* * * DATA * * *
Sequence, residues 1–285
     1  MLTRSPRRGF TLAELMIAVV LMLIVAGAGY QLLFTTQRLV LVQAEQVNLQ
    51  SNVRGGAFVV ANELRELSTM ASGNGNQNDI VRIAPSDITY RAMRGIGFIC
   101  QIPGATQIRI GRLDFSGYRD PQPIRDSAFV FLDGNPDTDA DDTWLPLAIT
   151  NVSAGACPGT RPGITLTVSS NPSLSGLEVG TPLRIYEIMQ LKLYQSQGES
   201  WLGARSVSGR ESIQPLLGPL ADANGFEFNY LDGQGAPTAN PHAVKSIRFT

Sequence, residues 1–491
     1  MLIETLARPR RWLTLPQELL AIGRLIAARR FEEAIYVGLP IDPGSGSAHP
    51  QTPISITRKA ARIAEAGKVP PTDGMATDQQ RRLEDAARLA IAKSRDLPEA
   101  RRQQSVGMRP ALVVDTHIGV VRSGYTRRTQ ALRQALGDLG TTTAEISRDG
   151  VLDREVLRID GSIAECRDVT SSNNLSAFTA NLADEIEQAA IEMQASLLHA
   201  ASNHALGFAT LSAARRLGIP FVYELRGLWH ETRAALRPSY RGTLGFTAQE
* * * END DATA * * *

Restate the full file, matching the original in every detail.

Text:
Sequence, residues 1–285
     1  MLTRSPRRGF TLAELMIAVV LMLIVAGAGY QLLFTTQRLV LVQAEQVNLQ
    51  SNVRGGAFVV ANELRELSTM ASGNGNQNDI VRIAPSDITY RAMRGIGFIC
   101  QIPGATQIRI GRLDFSGYRD PQPIRDSAFV FLDGNPDTDA DDTWLPLAIT
   151  NVSAGACPGT RPGITLTVSS NPSLSGLEVG TPLRIYEIMQ LKLYQSQGES
   201  WLGARSVSGR ESIQPLLGPL ADANGFEFNY LDGQGAPTAN PHAVKSIRFT

Sequence, residues 1–491
     1  MLIETLARPR RWLTLPQELL AIGRLIAARR FEEAIYVGLP IDPGSGSAHP
    51  QTPISITRKA ARIAEAGKVP PTDGMATDQQ RRLEDAARLA IAKSRDLPEA
   101  RRQQSVGMRP ALVVDTHIGV VRSGYTRRTQ ALRQALGDLG TTTAEISRDG
   151  VLDREVLRID GSIAECRDVT SSNNLSAFTA NLADEIEQAA IEMQASLLHA
   201  ASNHALGFAT LSAARRLGIP FVYELRGLWH ETRAALRPSY RGTLGFTAQE